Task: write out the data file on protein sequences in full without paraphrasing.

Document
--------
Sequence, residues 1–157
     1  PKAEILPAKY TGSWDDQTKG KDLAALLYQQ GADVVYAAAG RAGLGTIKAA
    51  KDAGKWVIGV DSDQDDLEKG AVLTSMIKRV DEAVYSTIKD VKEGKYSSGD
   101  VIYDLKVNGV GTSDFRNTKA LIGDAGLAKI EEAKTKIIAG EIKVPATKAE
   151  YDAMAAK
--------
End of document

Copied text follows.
Sequence, residues 1–157
     1  PKAEILPAKY TGSWDDQTKG KDLAALLYQQ GADVVYAAAG RAGLGTIKAA
    51  KDAGKWVIGV DSDQDDLEKG AVLTSMIKRV DEAVYSTIKD VKEGKYSSGD
   101  VIYDLKVNGV GTSDFRNTKA LIGDAGLAKI EEAKTKIIAG EIKVPATKAE
   151  YDAMAAK